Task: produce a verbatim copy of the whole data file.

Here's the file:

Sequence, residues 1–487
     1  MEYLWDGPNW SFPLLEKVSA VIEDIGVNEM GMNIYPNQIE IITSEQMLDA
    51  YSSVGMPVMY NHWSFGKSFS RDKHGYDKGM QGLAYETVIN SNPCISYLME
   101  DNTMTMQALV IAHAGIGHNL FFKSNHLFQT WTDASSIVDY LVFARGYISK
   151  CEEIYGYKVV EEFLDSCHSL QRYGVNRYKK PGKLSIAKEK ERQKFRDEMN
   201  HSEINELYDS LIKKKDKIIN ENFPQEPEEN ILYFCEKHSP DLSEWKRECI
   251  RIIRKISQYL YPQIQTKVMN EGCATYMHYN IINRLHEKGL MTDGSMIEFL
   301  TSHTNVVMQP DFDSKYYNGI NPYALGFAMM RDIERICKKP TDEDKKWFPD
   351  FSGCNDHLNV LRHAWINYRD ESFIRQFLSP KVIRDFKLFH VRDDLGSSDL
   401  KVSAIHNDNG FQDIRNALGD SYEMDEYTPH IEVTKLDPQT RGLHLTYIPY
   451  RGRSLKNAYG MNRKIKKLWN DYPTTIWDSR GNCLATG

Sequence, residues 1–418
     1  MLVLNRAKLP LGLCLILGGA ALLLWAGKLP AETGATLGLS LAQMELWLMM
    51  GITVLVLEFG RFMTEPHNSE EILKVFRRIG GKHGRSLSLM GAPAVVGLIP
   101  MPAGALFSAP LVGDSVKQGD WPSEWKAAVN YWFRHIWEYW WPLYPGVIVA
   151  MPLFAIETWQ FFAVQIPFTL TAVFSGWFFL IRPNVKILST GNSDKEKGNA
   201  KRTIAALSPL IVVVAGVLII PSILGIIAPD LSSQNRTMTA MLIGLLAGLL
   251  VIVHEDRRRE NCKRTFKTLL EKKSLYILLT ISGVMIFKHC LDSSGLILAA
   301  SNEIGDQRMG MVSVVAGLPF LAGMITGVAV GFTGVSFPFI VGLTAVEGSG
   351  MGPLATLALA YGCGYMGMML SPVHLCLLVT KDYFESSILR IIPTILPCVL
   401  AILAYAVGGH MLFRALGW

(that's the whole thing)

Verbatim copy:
Sequence, residues 1–487
     1  MEYLWDGPNW SFPLLEKVSA VIEDIGVNEM GMNIYPNQIE IITSEQMLDA
    51  YSSVGMPVMY NHWSFGKSFS RDKHGYDKGM QGLAYETVIN SNPCISYLME
   101  DNTMTMQALV IAHAGIGHNL FFKSNHLFQT WTDASSIVDY LVFARGYISK
   151  CEEIYGYKVV EEFLDSCHSL QRYGVNRYKK PGKLSIAKEK ERQKFRDEMN
   201  HSEINELYDS LIKKKDKIIN ENFPQEPEEN ILYFCEKHSP DLSEWKRECI
   251  RIIRKISQYL YPQIQTKVMN EGCATYMHYN IINRLHEKGL MTDGSMIEFL
   301  TSHTNVVMQP DFDSKYYNGI NPYALGFAMM RDIERICKKP TDEDKKWFPD
   351  FSGCNDHLNV LRHAWINYRD ESFIRQFLSP KVIRDFKLFH VRDDLGSSDL
   401  KVSAIHNDNG FQDIRNALGD SYEMDEYTPH IEVTKLDPQT RGLHLTYIPY
   451  RGRSLKNAYG MNRKIKKLWN DYPTTIWDSR GNCLATG

Sequence, residues 1–418
     1  MLVLNRAKLP LGLCLILGGA ALLLWAGKLP AETGATLGLS LAQMELWLMM
    51  GITVLVLEFG RFMTEPHNSE EILKVFRRIG GKHGRSLSLM GAPAVVGLIP
   101  MPAGALFSAP LVGDSVKQGD WPSEWKAAVN YWFRHIWEYW WPLYPGVIVA
   151  MPLFAIETWQ FFAVQIPFTL TAVFSGWFFL IRPNVKILST GNSDKEKGNA
   201  KRTIAALSPL IVVVAGVLII PSILGIIAPD LSSQNRTMTA MLIGLLAGLL
   251  VIVHEDRRRE NCKRTFKTLL EKKSLYILLT ISGVMIFKHC LDSSGLILAA
   301  SNEIGDQRMG MVSVVAGLPF LAGMITGVAV GFTGVSFPFI VGLTAVEGSG
   351  MGPLATLALA YGCGYMGMML SPVHLCLLVT KDYFESSILR IIPTILPCVL
   401  AILAYAVGGH MLFRALGW